Two high school seniors holding guns were making a scene. When Sue Klebold heard that one of the shooters were her son, she pleaded to God that he would kill himself before hurting more students, before being shot and killed by the police. Dylan Klebold died as Sue prayed for. The Columbine High School massacre in April 1999 killed 13 and injured 24 people.
Contrary to what the world said, Sue’s son was not a monster. However gruesome the crime he perpetrated, Dylan Klebold was neither a monster nor a devil. Dylan was much beloved by his kindhearted and generous parents, who prayed for their son everyday and taught their son to think of others first.
How could Sue’s darling son commit such horrible acts? The culprit was in his brain—a brain disease that stops the owner of the brain to control his own thoughts, depression, and suicidal tendencies anybody could fall prey to. “The sad and horrible truth is that nobody knows when we, or people we love, might be afflicted.”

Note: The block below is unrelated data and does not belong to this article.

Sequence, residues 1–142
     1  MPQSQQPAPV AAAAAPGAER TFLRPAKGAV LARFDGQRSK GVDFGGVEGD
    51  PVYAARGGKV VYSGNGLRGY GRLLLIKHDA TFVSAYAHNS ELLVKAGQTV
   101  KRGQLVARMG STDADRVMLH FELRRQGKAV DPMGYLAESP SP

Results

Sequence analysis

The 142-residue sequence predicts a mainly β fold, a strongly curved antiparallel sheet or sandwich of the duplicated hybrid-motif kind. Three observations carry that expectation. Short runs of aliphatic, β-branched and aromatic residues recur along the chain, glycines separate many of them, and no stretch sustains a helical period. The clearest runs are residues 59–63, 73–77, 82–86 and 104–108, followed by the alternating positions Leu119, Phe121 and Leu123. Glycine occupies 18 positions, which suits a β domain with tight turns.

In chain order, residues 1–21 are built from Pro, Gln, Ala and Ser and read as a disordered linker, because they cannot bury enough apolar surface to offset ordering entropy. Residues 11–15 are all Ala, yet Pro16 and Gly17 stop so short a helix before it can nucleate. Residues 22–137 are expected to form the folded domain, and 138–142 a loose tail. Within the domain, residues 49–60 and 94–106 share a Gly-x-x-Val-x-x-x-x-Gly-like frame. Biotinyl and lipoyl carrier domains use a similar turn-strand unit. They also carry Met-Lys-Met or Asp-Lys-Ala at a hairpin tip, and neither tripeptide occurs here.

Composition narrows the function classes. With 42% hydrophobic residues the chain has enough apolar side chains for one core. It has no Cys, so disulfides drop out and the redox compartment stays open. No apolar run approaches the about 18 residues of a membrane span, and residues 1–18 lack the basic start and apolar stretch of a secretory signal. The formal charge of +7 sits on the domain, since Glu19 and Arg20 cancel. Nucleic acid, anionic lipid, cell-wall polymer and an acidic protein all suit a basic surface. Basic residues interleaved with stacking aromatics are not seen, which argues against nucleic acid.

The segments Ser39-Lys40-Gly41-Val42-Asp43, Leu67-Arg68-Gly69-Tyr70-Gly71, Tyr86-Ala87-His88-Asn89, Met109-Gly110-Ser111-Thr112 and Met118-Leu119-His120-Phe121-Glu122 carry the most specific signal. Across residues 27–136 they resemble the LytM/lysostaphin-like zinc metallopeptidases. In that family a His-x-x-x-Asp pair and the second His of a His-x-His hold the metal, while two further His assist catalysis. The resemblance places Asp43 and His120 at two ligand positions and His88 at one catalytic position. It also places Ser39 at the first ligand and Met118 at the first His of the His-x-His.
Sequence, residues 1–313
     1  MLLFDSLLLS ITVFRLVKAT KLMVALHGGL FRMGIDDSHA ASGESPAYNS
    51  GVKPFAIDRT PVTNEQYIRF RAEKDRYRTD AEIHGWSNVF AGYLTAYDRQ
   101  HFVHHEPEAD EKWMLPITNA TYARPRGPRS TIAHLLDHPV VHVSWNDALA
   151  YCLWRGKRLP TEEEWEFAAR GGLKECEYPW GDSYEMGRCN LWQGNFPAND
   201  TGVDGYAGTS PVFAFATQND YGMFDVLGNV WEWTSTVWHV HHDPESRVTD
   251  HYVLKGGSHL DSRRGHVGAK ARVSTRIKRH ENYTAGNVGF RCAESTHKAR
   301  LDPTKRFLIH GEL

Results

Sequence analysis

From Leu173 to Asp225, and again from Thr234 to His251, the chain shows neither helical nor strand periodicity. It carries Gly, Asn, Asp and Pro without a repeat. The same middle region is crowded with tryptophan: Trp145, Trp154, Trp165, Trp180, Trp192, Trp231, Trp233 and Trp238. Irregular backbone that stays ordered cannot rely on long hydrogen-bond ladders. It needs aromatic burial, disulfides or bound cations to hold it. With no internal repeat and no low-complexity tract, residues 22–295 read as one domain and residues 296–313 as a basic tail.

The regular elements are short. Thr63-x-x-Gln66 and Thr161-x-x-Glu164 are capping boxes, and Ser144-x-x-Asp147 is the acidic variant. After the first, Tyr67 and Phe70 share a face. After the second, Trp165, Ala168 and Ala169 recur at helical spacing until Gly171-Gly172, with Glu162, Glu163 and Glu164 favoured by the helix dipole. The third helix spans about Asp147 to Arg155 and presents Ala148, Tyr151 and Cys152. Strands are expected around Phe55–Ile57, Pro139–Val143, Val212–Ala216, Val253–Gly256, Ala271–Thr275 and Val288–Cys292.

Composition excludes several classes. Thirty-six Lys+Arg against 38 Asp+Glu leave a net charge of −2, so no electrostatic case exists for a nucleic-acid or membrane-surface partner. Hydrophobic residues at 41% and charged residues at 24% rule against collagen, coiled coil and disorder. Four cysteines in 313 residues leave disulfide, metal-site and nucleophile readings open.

Sue Klebold wished she died instead of the people killed by her son. “A Mother’s Reckoning: Living in the Aftermath of Tragedy” is a writing of remorse and atonement for the victims and the bereaved families. At the same time, it is the account of love for her son.
No matter how atrocious the crime her son committed, Dylan was still her son. Sue regretted again and again that she prayed for her son kill himself. She also wanted to ask Dylan’s forgiveness for “having been totally unaware of what was going through his mind” and “having been failed to provide support for Dylan whom he could rely on.”
This is why Sue Klebold is so eagerly involved in suicide prevention. She desperately wanted to help young people who were mentally ill because, from a broad perspective, they were all her children.